Marketers that fail to address brand experience will see loyalty drop

Customer experience may be high on the agenda but many brands are neglecting to look more broadly at the overall brand experience, which is impacting consumer loyalty, new research finds.


Many marketers are undermining their brands’ ability to attract customers and grow in value by neglecting certain areas of the brand experience, new research suggests. The first Brand Experience Index by creative agency Rufus Leonard finds the strongest brands are those that think “holistically” about the experience they offer, ranging from the emotional effect they deliver to the sense of social identity they create among customers.

Rufus Leonard took as its starting point an academic paper published in the Journal of Marketing in 2009 entitled Brand Experience: What is it? Using this research, the agency has identified five core facets of brand experience that have a direct impact on customer loyalty.

These include ‘think’, which refers to a brand’s ability to communicate its purpose; ‘sense’, where a brand engages customers through the five senses using immersive experiences; ‘feel’, which involves creating emotional impact; ‘do’, whereby a brand facilitates behaviours and solves problems for consumers; and ‘connect’, which involves inspiring a sense of belonging.

Rufus Leonard then conducted a survey of 2,000 UK adults to gauge their views on 30 preselected brands across the retail, telecommunications and airline sectors. Around 200 respondents were allocated to each brand on the basis that they had been recent customers of the company. Respondents were asked to rate the brands according to the five facets using a seven-point scale. The agency used the findings to create its Brand Experience Index, with 140 being the highest possible score and 20 the lowest.

Top brands for experience

Singapore Airlines tops the ranking with 96 points, followed by Lycamobile (94 points), giffgaff (92 points), Ikea (91 points) and Emirates (90 points). Ryanair comes bottom of the index (66 points), while TalkTalk (67 points), BT (68 points) and EE (71 points) also perform poorly.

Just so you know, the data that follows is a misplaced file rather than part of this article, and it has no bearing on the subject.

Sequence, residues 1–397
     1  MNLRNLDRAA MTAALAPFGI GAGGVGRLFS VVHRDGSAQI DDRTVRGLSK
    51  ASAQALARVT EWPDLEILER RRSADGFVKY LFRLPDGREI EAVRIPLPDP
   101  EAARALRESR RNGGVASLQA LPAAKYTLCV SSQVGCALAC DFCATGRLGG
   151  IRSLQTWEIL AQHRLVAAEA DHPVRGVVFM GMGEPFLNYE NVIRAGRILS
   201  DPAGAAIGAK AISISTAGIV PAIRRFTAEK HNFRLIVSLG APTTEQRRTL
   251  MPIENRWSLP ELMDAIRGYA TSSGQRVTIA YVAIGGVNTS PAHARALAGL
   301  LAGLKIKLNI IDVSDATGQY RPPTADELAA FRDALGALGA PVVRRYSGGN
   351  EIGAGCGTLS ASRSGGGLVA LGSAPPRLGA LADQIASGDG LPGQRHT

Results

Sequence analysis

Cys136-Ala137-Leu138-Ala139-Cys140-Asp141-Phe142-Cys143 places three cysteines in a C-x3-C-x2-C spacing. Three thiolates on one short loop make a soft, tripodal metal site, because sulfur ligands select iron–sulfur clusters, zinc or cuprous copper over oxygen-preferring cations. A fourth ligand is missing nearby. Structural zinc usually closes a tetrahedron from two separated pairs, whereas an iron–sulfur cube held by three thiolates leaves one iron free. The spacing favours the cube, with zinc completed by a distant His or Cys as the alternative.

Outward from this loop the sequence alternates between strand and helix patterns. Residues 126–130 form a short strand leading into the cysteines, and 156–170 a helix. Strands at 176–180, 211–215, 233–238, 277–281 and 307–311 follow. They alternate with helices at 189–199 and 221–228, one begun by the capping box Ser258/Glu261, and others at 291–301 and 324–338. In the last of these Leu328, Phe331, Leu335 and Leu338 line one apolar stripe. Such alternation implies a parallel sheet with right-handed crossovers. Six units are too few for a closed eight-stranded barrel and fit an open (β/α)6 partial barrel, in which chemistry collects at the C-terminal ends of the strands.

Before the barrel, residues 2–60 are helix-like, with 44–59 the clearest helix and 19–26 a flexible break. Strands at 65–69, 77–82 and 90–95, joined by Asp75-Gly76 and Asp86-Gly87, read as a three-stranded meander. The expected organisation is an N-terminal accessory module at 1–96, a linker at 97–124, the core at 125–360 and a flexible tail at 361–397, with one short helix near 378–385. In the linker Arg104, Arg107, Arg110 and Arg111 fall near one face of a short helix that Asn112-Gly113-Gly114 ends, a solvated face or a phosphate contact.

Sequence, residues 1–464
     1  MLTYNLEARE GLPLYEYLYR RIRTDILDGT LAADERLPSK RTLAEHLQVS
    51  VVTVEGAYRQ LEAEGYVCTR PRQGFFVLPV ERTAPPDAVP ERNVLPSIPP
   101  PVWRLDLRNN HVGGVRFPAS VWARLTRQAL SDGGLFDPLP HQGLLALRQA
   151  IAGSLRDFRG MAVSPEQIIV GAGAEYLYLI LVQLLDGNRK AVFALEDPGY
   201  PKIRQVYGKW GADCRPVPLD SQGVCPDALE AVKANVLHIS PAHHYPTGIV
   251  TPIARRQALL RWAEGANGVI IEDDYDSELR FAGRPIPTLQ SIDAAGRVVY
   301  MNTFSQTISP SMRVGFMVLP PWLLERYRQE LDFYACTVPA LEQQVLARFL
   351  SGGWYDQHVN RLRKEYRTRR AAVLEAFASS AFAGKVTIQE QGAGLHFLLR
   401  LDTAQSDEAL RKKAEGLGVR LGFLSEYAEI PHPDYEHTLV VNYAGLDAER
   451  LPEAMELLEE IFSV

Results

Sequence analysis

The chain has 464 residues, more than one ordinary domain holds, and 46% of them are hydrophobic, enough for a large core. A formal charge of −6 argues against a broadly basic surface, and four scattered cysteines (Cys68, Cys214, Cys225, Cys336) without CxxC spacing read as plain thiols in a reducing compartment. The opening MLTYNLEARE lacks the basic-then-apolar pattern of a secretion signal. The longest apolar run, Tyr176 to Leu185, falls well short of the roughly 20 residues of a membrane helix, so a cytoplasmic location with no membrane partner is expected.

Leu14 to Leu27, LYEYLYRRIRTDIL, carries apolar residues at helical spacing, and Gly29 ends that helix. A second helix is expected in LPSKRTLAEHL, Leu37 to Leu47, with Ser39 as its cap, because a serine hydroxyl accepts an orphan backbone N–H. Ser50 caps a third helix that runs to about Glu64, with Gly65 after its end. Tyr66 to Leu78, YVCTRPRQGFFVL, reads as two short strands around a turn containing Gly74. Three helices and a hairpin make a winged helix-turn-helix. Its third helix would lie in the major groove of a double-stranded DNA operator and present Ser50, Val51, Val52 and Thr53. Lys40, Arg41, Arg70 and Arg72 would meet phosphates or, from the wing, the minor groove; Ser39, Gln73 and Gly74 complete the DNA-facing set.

The report claims Singapore Airlines’ performance is down to its strong showing across the five facets. For example, the brand’s score for the ‘think’ metric is 20% higher than all other airlines in the study. Rufus Leonard attributes this to Singapore Airlines’ commitment to service over the past 40 years, which it says “places no doubt in their customers’ minds about why they exist”.

The airline’s score for ‘connect’ is 17% higher than the sector average – a result partly attributed to the quality of the brand’s frequent-flyer programme. It is also rated 18% higher for ‘do’, with the report praising the airline’s digital innovations such as an app that allows passengers to review, prepare and control their in-flight entertainment from their phone.


Laurence Parkes, chief strategy officer at Rufus Leonard, argues that too many brands look exclusively at customer experience, rather than thinking more broadly about the overall brand experience. “Because of the fragmentation of marketing, you have agencies that focus on particular areas – the experiential agency focusing on ‘sense’, the ad agency looking at ‘feel’ and ‘think’ and the social agency looking at ‘connect’,” he says.

“The challenge is to pull those elements together and say that a brand should be thinking about all five areas if it wants to create a deep connection with customers.”

In addition to the index, Rufus Leonard asked respondents questions about the brands related to customer satisfaction, their first-choice preference and their advocacy for the brand based on the net promoter score (NPS) metric.

It finds that for every 10-point increase in the Brand Experience Index, there is also a 13% increase in agreement with the statement ‘this brand will be my first choice in the future’ and a 9% increase in agreement with the statement ‘I will be loyal to this brand in the future’. A 10-point index rise also correlates to an 17-point increase in NPS.

Furthermore, the study incorporates a partnership with brand valuation consultancy Brand Finance that is aimed at exploring the effect of the index on the bottom-line value of a brand. Although Rufus Leonard states that this cross-analysis is at an early stage, it claims to have found a correlation between its index scores and the brand value of low-cost airlines.

“[Brand Finance] postulates that a one-point increase in [the Brand Experience Index] score could lead to a business value increase of as much as $99m (£74m) in the case of Ryanair,” the report says.

Parkes argues that the rising importance of brand experience is reflected by changes to the role of marketing within organisations. “We’re witnessing the rise of the chief experience officer,” he says. “Whether the CMO gains more power and has that cross-channel and cross-business view of the brand experience, or whether it is placed with the chief experience officer, it’s important that brands think about that holistic picture.”


Visit the Customer Experience stage at the Festival of Marketing, which is running on 5 and 6 October at Tobacco Dock, London. For more information about the event, including how to book tickets, click here.